VOTERS ON ROMNEY'S BRILLIANT BUSINESS CAREER: MEH
Major-media East Coast journalists whose greatest joy in life is rubbing elbows with Wall Street Masters of the Universe are telling us that Kenyan commie Barack Obama made a huge mistake by attacking Bain Capital. They're doing this for a simple reason: they're terrified (or at least their fat-cat friends are terrified) that such attacks might actually strike a chord with voters.
Could they? So far that's not clear, but one thing that seems to be clear is that Mitt Romney's strategy -- saying next to nothing about his record as governor of Massachusetts and putting all his chips on his tenure at Bain -- doesn't seem to be working.
I'm looking at the numbers in the new (pre-Cory Booker) ABC/Washington Post poll, specifically the numbers on one question in particular, and I'm amazed at how little benefit Romney's getting from his business career (which, after thirty-plus years of corporatist, Reaganite propaganda, would seem to be a terrific selling point for middle-of-the-road voters):
Q: Is Romney's work buying and restructuring companies before he went into politics a major reason you to (support) that candidate, a major reason you to (oppose) that candidate, or not a major factor in your vote?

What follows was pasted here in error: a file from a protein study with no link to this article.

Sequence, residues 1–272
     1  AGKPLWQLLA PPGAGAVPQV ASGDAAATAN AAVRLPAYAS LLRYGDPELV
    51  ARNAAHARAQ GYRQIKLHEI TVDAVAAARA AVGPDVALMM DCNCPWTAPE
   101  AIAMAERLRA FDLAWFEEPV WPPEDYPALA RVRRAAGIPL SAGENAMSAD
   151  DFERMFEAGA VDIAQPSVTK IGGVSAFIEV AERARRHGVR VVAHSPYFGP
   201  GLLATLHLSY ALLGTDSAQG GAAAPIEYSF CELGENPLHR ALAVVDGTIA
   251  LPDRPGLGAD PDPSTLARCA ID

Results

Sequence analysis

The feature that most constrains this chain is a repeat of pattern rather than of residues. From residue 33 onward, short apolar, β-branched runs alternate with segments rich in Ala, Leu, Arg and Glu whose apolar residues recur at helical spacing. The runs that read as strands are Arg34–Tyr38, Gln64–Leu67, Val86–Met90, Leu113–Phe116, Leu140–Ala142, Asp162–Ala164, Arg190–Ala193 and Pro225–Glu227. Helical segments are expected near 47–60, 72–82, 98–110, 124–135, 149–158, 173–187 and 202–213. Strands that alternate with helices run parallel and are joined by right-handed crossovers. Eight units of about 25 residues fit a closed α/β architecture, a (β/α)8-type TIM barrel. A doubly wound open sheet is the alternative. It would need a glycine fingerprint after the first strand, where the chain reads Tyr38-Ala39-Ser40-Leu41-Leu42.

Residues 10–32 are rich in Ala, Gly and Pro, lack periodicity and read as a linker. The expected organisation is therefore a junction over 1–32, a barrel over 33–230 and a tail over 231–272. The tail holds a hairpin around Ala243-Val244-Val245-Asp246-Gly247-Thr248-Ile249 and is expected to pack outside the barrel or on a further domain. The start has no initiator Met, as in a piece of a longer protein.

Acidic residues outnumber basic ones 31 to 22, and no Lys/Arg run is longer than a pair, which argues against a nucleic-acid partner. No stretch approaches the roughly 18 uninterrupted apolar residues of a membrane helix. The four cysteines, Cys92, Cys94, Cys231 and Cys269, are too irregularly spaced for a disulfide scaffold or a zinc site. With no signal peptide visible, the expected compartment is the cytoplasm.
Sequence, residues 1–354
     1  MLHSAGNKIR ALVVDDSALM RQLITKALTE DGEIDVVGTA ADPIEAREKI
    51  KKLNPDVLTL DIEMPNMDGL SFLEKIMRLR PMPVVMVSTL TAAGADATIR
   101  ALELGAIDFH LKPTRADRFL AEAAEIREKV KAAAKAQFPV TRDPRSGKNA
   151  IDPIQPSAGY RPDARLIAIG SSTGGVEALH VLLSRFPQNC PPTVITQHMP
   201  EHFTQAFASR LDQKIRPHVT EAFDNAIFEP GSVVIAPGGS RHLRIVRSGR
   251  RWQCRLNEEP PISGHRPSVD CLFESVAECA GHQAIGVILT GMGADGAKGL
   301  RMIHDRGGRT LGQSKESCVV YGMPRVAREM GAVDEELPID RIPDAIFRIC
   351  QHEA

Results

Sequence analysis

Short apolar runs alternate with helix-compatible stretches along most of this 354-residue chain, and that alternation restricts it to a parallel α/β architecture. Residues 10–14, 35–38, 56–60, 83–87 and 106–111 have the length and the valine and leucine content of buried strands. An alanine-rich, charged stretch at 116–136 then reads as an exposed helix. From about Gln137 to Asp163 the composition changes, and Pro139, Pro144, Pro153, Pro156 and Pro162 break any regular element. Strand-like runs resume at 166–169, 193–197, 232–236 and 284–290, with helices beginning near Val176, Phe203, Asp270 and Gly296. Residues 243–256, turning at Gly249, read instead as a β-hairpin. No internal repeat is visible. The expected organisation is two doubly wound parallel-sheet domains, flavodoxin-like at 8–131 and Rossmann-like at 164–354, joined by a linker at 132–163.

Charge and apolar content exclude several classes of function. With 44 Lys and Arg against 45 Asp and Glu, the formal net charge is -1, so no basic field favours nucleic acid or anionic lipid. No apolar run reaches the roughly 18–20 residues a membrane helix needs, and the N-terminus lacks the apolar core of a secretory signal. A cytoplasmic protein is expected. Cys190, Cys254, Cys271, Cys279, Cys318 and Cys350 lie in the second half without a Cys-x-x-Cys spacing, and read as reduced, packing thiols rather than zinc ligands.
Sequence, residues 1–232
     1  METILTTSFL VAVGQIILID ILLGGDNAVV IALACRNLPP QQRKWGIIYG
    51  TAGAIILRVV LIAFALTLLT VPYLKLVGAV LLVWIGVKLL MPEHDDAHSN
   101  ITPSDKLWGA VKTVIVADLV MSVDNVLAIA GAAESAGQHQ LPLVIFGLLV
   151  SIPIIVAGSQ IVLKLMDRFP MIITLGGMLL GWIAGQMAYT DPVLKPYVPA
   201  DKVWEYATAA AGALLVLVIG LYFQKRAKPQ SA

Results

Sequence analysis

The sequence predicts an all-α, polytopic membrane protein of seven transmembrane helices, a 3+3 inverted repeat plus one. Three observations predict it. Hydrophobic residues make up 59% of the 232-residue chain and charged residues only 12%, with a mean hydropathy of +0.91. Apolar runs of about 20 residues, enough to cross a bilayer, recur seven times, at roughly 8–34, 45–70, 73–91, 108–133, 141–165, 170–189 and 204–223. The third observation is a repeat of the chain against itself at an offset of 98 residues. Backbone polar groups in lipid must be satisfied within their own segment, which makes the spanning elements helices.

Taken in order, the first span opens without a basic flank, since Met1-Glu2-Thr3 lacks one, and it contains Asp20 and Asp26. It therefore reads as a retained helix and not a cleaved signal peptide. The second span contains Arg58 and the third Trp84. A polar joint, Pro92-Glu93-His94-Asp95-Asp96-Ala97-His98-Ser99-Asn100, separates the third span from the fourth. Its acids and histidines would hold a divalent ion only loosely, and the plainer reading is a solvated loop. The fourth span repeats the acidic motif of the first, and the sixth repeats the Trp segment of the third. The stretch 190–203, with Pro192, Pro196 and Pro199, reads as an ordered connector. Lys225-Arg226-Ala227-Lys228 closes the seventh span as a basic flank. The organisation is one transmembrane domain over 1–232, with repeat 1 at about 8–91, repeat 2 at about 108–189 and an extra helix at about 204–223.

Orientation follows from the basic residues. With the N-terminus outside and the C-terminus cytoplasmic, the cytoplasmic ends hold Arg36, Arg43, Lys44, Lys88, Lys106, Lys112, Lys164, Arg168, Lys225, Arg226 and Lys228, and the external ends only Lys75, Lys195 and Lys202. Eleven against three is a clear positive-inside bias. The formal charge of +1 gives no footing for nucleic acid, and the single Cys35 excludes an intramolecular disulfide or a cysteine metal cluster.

Here are the results:
Major reason to support 21%
Major reason to oppose 21%
Not a major factor 54%
No opinion 4%
A wash -- an absolute wash. And subgroups you'd think would be impressed by Bain aren't impressed. Whites? A mere two-point advantage for "Major reason to support," with the majority indifferent. Southerners? A four-point advantage, with the majority indifferent. White evangelical Protestants? A mere seven-point advantage -- you'd think Romney would be killing with this group -- and most people indifferent. Really, Romney's only big advantages are with Republicans, conservatives, and conservative Republicans.
Not being the incumbent in a tough economic period is what's keeping Romney in the race. His big "I'm a job creator!" selling point isn't working.
And there's this question:
Q: What do you think is the bigger problem in this country - (unfairness in the economic system that favors the wealthy), or (over-regulation of the free market that interferes with growth and prosperity)?
Results: 56% think unfairness is a bigger problem; 34% say over-regulation. That's not good for Romney.
I think one problem Romney has is that he's being hoist on his own party's petard. For years, the GOP and the right have tried to distinguish "elitists" from "extremely rich people," with great success -- "elitists" are to be recognized, according to right-wing propaganda, by cultural touchstones (hybrid cars, organic food, stereotypical places of residence, lack of "common touch," etc., etc.). The GOP's last three presidents were two nth-generation preppies who faked ordinariness, preceded by a Hollywood millionaire who faked it even better. But Romney can't fake it. He talks elitist, he dresses elitist, and even his specific path to wealth sounds elitist. Private equity -- what could sound more elitist than that? It's not like drillin' a damn oil well.
(X-posted at Booman Tribune.)